Hinduttva

This is a follow up to Global alliances and wheels within wheels:

What is Hinduttva? Is it Hindu + Tattva  (Hindu quality)? Or is it something else? I still have no idea. Three of the four panelists in this discussion are widely ridiculed and vilified by self described “liberals”, “secularists” and “progressives” as hard right, bigoted, prejudiced, sectarian, Hindu extremist and Nazi:

  • Pavan Varma, Former MP Rajya Sabha and Author
  • Prof. Makarand Paranjape, Professor & Poet at JNU
  • David Frawley, Vedic Scholar
  • Sadia Dehlvi, Columnist & Writer

46 minutes 26 seconds in: “the problem in India is that we have thought phobia as Sri Aurobindo said in his letter to barendra in 1920; hundred years later I am at a university and I find that people have an incapacity to think clearly, because they immediately reduce every debate to a political position”

Is this the reason for the cries of “Nazism”, “racism” and so forth? Is this partly a difficult to reconcile debate about freedom of art and thought. If so, how can this issue be resolved? Eastern philosophy (Arya Varsha plus Bon plus Toaism) is based on freedom of art and thought. Without freedom of art and thought, there is no eastern philosophy.

Did the panelists say anything else that is controversial or offensive? Is their Sarva Dharma [all religions are authentically divine and true, all paths lead to the same goal, all is love], their celebration and eulogization of  pluralism, diversity and universalism the problem? If that is the problem, what does “secularism” mean? What should “secularism” mean?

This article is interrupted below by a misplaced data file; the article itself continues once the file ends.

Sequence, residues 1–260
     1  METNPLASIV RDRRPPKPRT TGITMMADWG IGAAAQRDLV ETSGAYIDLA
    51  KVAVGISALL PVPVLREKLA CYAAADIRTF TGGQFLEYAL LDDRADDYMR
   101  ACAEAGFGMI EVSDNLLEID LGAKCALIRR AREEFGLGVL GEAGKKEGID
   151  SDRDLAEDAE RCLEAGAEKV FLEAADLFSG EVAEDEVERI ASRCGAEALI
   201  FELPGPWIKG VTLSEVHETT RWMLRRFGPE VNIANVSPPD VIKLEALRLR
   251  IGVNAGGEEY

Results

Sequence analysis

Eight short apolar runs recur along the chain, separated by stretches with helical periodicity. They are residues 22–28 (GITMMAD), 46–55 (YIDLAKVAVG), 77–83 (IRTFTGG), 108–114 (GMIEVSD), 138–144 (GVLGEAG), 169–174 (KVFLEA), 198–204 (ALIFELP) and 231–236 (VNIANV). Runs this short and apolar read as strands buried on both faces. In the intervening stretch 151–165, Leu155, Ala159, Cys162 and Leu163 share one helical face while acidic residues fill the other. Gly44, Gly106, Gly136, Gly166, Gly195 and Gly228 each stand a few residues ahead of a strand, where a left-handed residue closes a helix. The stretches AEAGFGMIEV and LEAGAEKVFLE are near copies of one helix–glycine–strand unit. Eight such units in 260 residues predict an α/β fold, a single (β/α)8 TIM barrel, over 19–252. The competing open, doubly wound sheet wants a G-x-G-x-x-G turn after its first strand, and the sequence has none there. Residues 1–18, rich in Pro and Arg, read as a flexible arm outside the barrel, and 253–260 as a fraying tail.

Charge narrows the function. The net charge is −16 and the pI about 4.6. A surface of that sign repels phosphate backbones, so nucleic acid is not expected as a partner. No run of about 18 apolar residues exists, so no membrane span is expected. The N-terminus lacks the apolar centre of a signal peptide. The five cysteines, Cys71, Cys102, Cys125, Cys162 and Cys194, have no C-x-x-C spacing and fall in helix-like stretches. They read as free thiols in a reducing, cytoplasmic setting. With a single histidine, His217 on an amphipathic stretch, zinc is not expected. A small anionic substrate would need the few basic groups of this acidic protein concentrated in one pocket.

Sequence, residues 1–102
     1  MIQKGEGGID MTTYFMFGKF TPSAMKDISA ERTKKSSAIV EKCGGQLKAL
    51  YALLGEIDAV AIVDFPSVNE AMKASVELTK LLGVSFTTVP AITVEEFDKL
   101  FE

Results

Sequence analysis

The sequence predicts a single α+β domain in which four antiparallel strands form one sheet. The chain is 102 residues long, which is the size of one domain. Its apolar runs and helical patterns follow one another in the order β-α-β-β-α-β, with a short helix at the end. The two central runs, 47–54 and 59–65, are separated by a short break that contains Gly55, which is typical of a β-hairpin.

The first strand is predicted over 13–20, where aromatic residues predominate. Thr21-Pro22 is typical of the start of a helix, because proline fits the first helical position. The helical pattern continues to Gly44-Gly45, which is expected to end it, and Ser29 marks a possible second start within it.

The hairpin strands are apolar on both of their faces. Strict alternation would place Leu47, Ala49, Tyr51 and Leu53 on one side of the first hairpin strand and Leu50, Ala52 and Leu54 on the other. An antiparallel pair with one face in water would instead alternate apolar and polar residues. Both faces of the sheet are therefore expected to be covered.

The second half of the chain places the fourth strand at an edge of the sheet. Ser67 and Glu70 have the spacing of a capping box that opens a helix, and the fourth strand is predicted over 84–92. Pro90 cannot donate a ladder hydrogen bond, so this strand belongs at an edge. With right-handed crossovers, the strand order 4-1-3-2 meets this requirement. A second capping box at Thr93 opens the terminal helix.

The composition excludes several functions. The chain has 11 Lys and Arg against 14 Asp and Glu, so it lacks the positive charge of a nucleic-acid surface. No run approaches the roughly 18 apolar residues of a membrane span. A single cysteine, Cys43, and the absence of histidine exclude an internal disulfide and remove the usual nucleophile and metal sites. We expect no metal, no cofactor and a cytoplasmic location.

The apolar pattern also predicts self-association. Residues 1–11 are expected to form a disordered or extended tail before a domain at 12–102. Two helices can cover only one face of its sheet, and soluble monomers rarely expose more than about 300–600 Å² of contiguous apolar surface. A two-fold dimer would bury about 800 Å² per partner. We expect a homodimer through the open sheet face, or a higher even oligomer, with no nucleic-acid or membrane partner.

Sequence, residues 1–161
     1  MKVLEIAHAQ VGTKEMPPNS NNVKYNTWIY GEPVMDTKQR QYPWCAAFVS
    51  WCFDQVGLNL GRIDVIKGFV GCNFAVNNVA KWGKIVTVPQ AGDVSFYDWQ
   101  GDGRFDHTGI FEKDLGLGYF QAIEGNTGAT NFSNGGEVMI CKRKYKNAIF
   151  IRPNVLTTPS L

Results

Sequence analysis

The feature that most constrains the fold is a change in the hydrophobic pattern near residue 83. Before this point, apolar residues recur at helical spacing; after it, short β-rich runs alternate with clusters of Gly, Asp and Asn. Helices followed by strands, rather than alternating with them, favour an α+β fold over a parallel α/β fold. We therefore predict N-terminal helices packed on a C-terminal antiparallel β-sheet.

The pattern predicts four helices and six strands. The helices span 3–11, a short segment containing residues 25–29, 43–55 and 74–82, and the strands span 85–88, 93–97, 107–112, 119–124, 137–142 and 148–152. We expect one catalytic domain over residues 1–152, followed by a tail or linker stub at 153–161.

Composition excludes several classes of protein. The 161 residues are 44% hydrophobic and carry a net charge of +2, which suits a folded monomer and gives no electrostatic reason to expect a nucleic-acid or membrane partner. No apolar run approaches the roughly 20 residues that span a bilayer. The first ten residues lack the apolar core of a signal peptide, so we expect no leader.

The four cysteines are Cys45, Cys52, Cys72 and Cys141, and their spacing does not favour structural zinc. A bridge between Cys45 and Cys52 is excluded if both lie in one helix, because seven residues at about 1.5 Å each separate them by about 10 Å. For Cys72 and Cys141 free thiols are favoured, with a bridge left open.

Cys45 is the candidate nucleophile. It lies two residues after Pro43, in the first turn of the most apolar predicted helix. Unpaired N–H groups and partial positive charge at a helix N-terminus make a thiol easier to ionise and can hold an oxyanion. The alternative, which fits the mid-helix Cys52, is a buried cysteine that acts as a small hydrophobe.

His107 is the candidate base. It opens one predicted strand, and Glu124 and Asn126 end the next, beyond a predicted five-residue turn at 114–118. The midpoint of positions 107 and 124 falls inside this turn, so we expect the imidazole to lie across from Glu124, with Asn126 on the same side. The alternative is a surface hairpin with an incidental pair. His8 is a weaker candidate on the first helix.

For example why do so many self described “liberals”, “secularists”, “progressives” and “leftists” find videos such as this so offensive?

Note, I am not criticizing anyone. I can’t criticizing them because I have no idea what they believe and why. I am thoroughly confused.

Recently there was a world Hindu conference keynoted by the Dalai Lama. It had many Jain, Sikh, Buddhist and Hindu delegations from all around the world and was not an “Indian” or “nationalist” affair. [Does anyone know if Sufi and Shiite delegations participated?] In addition to the Dalai Lama, many other Mahayana Buddhist delegations came. Along with delegations from many different Latin American, European, African and Asian countries. [Lebanon for example has had a Hindu community that is over 3,000 years old. They believe that they date from 4400 years back when they helped construct and operate the Baalbek temple. Similarly, there are ancient Hindu communities throughout the world.]

Note that Tibetan Buddhists (Vajrapani Mahayana Buddhists) in particular have been members of Hindu Akharas for thousands of years and have significant influence on intra-Hindu affairs. Maybe because Tibet was close enough to India for the Tibetan Buddhists to send delegates to meetings. By extension this applies to all Mahayana Buddhists. But the ones in China and Japan were too far to be more than intermittently involved in day to day affairs in India. But they were involved: